"Like IT Departments everywhere, we've had to be more productive using fewer resources. One way we've done that is by standardizing on SSDs versus spindle drives. Our users are more satisfied because SSDs are more reliable, run faster and reduce the time we spend servicing computers."
Information Technology, Service Desk Manager,
Kingston Technology Company Inc.
From its headquarters in Fountain Valley California, Kingston Technology Company, Inc. (Kingston) sells its products across the globe. Its 4,000 world-wide employees design, manufacture and distribute memory and flash memory products for use in desktops, notebooks and mobile devices.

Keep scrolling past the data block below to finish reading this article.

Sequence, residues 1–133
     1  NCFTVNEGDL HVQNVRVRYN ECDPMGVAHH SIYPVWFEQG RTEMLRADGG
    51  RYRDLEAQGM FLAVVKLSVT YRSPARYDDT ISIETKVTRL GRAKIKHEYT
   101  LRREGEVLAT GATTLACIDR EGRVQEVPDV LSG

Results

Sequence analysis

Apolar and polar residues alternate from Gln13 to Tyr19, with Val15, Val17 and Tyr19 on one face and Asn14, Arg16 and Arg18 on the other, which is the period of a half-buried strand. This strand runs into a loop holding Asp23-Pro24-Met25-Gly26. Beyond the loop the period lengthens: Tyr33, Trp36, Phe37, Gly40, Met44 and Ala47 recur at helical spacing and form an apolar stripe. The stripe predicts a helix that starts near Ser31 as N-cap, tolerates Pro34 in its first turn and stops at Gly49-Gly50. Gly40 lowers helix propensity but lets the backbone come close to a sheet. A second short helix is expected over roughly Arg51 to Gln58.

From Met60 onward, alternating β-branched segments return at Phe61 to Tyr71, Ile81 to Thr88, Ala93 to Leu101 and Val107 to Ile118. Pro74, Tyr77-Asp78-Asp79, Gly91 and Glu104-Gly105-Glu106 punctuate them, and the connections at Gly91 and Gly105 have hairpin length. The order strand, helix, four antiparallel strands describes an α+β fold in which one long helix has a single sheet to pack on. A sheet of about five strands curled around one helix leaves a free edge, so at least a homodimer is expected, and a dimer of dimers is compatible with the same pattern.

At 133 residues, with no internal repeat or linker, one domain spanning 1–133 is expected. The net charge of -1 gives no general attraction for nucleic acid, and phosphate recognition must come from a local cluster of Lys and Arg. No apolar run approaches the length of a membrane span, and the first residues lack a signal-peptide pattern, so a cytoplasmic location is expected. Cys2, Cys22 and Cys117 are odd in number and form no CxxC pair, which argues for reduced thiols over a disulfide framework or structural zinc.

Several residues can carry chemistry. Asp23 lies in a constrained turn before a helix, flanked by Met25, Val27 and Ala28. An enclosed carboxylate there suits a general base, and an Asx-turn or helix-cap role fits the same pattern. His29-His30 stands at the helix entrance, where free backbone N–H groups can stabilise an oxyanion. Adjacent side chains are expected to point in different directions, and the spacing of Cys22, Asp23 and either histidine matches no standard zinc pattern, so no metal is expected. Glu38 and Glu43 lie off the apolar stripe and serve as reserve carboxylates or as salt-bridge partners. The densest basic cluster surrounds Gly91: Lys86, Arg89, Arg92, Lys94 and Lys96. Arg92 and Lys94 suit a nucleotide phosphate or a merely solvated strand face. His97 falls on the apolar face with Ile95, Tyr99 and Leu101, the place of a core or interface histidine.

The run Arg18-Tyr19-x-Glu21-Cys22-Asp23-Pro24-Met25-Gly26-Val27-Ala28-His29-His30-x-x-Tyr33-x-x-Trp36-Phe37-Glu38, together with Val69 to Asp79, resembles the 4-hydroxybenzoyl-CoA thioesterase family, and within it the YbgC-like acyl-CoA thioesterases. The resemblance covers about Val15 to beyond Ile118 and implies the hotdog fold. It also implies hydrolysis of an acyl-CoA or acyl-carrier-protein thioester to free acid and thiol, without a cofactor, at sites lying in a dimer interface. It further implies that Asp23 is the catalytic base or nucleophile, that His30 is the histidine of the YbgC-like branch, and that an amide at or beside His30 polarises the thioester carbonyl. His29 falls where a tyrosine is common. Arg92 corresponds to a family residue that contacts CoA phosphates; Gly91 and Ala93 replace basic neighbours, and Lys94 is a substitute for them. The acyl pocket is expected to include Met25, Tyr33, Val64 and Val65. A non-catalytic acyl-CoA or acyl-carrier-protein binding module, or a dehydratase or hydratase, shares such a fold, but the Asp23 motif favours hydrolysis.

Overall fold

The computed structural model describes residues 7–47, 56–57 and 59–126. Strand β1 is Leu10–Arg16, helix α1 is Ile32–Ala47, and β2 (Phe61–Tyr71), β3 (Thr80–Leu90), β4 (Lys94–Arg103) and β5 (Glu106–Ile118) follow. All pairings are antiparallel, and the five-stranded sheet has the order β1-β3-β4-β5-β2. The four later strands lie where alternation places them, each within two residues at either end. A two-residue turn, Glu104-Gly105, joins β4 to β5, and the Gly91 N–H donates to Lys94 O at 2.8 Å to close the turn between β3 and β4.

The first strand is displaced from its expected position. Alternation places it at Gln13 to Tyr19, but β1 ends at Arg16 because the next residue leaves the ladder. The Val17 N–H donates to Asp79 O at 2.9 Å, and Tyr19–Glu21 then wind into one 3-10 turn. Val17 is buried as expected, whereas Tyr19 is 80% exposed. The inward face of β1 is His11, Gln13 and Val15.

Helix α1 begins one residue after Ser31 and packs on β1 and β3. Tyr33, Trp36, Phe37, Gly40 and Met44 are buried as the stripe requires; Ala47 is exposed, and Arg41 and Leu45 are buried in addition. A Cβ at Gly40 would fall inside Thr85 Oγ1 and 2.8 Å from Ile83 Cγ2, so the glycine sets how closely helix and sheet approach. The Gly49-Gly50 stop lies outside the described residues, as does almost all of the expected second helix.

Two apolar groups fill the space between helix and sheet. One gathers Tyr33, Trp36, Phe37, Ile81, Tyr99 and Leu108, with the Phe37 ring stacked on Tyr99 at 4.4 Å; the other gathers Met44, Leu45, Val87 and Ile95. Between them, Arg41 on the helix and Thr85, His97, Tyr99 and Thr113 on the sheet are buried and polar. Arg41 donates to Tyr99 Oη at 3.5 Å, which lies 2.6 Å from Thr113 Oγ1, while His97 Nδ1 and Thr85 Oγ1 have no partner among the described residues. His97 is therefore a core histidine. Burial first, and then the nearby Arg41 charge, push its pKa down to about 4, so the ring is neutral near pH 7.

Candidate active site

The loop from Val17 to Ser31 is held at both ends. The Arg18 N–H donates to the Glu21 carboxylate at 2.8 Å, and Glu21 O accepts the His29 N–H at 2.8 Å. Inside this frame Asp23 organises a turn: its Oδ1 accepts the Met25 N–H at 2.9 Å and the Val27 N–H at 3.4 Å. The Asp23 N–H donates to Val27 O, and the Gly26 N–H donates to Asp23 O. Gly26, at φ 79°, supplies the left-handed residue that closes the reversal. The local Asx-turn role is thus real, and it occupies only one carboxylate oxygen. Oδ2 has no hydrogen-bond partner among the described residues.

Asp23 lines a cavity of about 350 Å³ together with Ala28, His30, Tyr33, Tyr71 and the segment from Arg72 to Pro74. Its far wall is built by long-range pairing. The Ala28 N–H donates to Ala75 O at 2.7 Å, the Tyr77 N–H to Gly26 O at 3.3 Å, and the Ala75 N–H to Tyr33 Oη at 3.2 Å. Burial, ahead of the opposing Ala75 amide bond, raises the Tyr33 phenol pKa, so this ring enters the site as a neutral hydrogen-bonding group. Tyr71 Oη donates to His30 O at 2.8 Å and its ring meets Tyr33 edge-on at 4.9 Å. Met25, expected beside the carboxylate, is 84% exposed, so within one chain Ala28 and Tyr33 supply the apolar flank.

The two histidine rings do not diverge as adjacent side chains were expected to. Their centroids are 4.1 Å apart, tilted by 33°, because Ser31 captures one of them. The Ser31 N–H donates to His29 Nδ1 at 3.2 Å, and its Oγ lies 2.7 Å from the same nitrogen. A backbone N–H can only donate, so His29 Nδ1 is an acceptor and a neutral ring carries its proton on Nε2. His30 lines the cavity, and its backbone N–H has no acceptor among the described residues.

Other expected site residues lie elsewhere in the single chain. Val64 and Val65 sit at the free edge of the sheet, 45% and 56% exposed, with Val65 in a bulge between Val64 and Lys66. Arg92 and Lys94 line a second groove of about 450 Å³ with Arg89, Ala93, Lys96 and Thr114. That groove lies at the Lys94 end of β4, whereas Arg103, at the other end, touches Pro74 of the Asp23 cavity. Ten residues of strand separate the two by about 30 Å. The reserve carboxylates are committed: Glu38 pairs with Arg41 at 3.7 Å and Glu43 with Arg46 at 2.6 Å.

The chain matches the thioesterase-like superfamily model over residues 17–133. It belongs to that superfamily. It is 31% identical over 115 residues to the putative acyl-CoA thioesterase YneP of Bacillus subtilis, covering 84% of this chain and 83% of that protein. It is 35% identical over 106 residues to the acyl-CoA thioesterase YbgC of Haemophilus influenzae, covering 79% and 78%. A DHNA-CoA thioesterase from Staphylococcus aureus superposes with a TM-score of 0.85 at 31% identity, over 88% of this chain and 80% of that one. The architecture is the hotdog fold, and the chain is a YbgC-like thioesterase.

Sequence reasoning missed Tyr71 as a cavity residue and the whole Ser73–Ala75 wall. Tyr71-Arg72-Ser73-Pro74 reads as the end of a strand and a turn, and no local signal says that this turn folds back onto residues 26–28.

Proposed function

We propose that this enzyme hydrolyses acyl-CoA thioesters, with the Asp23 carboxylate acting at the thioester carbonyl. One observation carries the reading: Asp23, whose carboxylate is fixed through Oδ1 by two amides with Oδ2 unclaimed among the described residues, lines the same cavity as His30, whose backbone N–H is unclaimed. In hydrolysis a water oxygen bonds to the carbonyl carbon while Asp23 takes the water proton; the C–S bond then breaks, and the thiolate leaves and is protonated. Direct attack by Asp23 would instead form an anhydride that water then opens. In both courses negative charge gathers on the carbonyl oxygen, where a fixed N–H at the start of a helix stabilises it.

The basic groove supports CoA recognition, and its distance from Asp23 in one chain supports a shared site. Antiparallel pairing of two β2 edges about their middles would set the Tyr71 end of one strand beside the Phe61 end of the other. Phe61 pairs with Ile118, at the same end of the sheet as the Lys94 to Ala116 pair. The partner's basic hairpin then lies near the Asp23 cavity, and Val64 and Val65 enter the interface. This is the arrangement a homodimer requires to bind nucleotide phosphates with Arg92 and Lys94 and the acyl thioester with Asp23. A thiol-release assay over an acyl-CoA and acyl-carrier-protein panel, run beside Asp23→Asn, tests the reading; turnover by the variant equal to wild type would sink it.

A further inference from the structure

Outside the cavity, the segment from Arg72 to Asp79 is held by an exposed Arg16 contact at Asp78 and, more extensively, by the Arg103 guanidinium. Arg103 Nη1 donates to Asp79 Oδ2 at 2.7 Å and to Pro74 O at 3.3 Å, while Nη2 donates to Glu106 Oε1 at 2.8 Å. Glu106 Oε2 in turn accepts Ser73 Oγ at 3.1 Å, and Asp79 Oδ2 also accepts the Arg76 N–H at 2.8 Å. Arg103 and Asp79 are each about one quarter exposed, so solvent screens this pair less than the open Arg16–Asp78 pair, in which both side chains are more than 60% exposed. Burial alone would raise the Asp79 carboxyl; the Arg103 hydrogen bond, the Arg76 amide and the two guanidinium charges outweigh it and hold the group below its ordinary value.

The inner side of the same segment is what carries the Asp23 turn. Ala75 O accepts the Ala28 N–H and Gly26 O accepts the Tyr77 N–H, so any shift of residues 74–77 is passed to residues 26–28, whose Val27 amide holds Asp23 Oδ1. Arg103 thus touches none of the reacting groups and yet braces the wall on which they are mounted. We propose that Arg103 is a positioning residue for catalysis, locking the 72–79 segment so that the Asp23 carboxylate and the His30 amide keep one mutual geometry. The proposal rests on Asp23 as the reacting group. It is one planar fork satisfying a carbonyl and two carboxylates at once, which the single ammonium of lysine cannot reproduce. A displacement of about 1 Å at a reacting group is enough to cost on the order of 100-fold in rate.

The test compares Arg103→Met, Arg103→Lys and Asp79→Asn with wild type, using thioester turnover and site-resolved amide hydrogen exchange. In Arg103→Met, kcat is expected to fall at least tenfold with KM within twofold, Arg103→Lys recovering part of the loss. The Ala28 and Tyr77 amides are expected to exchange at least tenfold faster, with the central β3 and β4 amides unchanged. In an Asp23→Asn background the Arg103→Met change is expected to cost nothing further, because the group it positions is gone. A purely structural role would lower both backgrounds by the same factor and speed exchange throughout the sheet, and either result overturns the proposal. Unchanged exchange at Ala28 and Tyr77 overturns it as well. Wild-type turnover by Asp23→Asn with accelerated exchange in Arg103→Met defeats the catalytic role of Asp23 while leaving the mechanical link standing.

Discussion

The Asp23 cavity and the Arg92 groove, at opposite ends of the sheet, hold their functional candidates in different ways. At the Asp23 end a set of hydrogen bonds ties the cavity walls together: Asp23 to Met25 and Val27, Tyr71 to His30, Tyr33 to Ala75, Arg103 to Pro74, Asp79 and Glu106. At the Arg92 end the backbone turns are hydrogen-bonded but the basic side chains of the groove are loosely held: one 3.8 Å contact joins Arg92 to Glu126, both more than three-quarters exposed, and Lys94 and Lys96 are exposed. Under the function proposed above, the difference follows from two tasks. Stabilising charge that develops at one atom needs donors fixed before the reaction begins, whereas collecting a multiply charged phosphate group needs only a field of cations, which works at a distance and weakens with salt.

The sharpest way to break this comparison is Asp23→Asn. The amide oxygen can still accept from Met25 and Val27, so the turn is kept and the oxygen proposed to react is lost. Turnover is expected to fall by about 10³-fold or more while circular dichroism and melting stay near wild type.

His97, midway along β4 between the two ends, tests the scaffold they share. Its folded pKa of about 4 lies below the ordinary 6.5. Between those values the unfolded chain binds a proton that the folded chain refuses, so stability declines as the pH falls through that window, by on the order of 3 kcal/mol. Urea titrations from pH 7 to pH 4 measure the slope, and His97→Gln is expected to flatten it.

Like many executives in today's economy, Kingston's IT Director had two main goals: to improve end users' satisfaction and to increase the productivity of his IT department. With these two goals in mind, the IT Director challenged his managers to deliver measurable results.
"End users here aren't shy about sharing their IT problems with me," says Theron Sanders, Information Technology Service Desk Manager for Kingston. "At the top of their list were slow application response times and long boot up cycles." But simply improving end users' system performance wasn't enough. Sanders needed to do it in a way that boosted IT staffers' productivity as well. To achieve these objectives, the decision was made to phase out the use of spindle drives in favor of solid state drives (SSDs).
Sanders' seven-person team supports over 850 employees in the United States. These users are equipped with a wide range of devices including high-performance desktops, notebooks, tablets and smartphones.